Cultivating Hope at the Wakamatsu Tea and Silk Farm Colony
Jun 04, 2019 12:25PM
Agriculture is the real mother lode of El Dorado County. While people from all over the world came here in search of gold, it’s been the richness of the soil that has maintained populations over the ensuing years.
In 1869, the mild climate and favorable growing conditions lured John Henry Schnell and a group of Japanese craftsman, farmers, and samurai from Aizuwakamatsu, Japan, to a 160-acre farm site in Gold Hill that they purchased from Charles Graner. Known as the Wakamatsu Tea and Silk Farm Colony, the settlers brought thousands of tea plants, millions of tea seeds, mulberry trees, silk worms, and other crops from Japan in hopes of developing a thriving farm.
For the members of the Wakamatsu Tea and Silk Farm Colony, founded on June 8, 1869, the dream faded two years later. Drought and contaminated ditch water killed their crops, they ran out of funds, and the Japanese laborers were leaving in search of better-paying jobs. In 1870, in the midst of the triumphs and defeats of the colony, Jou Schnell, Japanese wife of colony founder John Schnell, gave birth to a child named Mary who is believed to be the first Japanese American birthright citizen. In 1871, it is presumed that John traveled back to Japan to raise money for the struggling colony. He was never heard from again.
The colony disbanded, and the people either returned to Japan or faded into the patchwork of California society. Two of the colonists who remained in the area—Okei Ito and Matsunosuke Sakurai—were taken in by the neighboring Veerkamp family. Okei developed a fever later that year and died. She is buried on the hillside that now overlooks Gold Trail School and is the first Japanese woman and immigrant buried on American soil. Matsunosuke died in 1901. His funeral services were held in the Emmanuel Church in Coloma—the same church that hosted the funeral of James Marshall—and is buried in Coloma’s Pioneer Cemetery. The American River Conservancy (ARC), in conjunction with California State Parks, recently placed a new marker on his grave.
The Veerkamps acquired the colony property in 1873 and retained ownership of it until 2010 when it was purchased by the ARC. The farmhouse, located at 941 Cold Springs Road, is the original structure built by Charles Graner in the 1850s. The large tree next to the house is a Japanese elm planted by the colonists.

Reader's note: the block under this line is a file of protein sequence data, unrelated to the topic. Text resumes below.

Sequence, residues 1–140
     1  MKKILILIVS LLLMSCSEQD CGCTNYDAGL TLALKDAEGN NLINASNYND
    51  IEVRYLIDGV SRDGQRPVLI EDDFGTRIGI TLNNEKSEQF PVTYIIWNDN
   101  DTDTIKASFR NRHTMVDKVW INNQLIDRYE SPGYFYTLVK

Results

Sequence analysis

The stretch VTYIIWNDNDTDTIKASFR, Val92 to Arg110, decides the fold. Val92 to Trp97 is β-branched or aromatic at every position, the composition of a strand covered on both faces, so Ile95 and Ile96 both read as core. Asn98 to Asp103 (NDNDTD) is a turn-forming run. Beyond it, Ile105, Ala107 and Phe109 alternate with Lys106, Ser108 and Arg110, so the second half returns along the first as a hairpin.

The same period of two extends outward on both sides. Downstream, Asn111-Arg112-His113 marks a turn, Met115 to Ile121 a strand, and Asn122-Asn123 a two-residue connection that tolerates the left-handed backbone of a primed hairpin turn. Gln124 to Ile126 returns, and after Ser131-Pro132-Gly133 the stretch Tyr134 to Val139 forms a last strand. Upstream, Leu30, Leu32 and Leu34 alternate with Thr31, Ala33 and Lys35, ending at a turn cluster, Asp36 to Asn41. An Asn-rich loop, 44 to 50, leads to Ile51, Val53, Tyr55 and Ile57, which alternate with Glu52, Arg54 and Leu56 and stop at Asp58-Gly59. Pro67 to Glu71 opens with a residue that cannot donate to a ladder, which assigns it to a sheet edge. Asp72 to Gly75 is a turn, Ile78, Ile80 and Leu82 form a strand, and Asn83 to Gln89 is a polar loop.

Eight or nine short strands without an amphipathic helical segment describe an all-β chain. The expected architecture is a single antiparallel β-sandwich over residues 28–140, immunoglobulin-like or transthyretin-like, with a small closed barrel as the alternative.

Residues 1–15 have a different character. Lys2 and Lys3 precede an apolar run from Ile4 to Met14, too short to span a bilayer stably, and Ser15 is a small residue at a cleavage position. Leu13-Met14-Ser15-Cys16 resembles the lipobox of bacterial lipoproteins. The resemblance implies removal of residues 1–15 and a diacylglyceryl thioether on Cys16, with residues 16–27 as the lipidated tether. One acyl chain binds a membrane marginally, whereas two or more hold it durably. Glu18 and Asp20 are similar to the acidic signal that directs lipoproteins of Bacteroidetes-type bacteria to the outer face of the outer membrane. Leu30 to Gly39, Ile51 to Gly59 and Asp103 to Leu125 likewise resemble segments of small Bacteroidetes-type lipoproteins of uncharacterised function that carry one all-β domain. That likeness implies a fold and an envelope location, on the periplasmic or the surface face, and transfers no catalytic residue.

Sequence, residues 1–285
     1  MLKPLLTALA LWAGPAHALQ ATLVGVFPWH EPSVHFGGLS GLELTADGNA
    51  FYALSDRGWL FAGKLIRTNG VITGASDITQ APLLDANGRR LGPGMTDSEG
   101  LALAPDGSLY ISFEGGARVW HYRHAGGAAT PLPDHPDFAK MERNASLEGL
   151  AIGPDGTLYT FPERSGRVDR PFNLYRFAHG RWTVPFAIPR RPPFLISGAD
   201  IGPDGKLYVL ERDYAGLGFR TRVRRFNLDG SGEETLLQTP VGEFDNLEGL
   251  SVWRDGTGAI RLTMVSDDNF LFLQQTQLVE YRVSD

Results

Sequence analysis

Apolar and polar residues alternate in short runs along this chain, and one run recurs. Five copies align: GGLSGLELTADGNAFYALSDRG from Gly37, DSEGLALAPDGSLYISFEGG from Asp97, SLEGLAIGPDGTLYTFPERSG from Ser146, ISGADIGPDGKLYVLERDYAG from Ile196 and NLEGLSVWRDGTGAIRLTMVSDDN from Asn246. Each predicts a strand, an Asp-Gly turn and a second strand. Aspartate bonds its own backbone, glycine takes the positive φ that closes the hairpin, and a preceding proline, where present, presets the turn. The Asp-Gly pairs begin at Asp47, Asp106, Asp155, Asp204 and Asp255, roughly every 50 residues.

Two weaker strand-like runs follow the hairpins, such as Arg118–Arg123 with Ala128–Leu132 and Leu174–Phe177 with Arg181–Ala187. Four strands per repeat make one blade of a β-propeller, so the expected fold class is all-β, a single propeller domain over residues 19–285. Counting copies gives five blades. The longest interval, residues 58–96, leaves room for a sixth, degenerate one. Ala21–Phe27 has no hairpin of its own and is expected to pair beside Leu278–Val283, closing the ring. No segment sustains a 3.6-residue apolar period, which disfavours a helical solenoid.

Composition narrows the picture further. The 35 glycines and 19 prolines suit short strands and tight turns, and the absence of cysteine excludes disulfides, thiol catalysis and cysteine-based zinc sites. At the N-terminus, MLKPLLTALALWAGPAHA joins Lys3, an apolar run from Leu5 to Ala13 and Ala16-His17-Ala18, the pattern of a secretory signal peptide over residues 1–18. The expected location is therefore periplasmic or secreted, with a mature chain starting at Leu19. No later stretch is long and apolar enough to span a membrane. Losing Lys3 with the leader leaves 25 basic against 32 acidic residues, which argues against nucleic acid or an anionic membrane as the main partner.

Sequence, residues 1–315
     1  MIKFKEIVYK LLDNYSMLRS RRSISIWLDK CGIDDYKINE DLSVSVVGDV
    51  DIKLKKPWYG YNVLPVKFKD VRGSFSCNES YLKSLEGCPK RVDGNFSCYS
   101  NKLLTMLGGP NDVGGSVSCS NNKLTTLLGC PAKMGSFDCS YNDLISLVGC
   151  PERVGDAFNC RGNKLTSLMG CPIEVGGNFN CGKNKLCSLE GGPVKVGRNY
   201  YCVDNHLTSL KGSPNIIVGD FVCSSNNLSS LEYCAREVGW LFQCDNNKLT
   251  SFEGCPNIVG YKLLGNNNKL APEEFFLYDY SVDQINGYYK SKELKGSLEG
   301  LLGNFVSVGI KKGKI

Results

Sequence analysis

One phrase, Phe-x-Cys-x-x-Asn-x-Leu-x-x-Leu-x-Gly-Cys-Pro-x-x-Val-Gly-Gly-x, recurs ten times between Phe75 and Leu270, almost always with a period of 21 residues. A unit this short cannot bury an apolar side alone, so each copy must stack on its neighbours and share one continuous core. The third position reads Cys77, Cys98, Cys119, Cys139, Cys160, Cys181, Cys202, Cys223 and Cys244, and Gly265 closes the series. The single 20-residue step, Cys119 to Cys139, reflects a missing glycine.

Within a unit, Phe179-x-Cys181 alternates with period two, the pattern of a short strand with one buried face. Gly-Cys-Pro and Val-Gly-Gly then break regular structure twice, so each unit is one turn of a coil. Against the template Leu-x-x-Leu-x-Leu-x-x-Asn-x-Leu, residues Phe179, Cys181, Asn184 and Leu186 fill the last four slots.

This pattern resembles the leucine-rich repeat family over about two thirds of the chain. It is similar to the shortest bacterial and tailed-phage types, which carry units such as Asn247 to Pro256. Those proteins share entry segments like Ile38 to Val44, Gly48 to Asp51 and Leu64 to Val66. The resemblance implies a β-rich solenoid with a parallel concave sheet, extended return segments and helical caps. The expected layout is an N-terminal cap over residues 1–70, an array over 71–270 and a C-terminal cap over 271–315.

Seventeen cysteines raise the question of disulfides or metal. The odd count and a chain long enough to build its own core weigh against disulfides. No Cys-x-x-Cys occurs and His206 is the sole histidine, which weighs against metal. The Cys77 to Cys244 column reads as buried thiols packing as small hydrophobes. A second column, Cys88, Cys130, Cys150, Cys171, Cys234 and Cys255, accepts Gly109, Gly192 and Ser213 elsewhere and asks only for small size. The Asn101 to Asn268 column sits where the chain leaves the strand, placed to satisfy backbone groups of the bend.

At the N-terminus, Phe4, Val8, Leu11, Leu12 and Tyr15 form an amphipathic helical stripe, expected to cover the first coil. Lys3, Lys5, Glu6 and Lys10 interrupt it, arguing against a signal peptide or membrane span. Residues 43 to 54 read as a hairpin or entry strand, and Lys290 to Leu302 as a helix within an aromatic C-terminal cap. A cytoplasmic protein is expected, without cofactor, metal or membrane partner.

The ARC will be celebrating the sesquicentennial of the founding of the Wakamatsu Tea and Silk Farm Colony, the first Japanese colony in America, from June 6-9.
WakamatsuFest150 will showcase traditional and modern Japanese American culture, music, and theatrical arts, and culinary delights. Special guests and dignitaries, local farmers, historians, and naturalists will share their knowledge of the past, present, and future of Wakamatsu Farm and surrounding El Dorado County. In addition, docents will share the stories of the Japanese colonists who farmed the land.
Artifacts from the colony, including the Wakamatsu banner and a tanto, or small samurai sword, will be on display during the festival. These objects were retained by the Veerkamps for many years prior to being donated to the collections of California State Parks.
Each day of the festival will feature a special theme. Thursday, June 6, is for children with fun activities for all ages. On Friday, June 7, the Japanese tea culture will be explored. Activities on Saturday, June 8, will focus on the history of Wakamatsu Farm, including speakers from Japan who will share Japanese perspectives about the colony. On Sunday, June 9, authors of the Wakamatsu story and Japanese American farmers will be featured.
by Jerrie Beard
WHAT: Celebrate the 150th anniversary of the first Japanese colony in America with food, art, music, performances, demonstrations, discussions, and more.
WHEN: June 6-9 from 10 a.m.-4 p.m.
WHERE: 941 Cold Springs Road, Placerville; Note: Public parking is at Marshall Gold Discovery State Historic Park.
For complete festival information, including ticketing and parking, visit arconservancy.org/wakafest150.
Strong as Silk: The Story of the Gold Hill Wakamatsu Tea & Silk Colony Prose & Poems by Brigit Truex (pages 122-131)
The Wakamatsu Tea & Silk Colony Farm, America’s First Issei: The Original Japanese Settlers (provided by the ARC)
ARC press release and media kit on the festival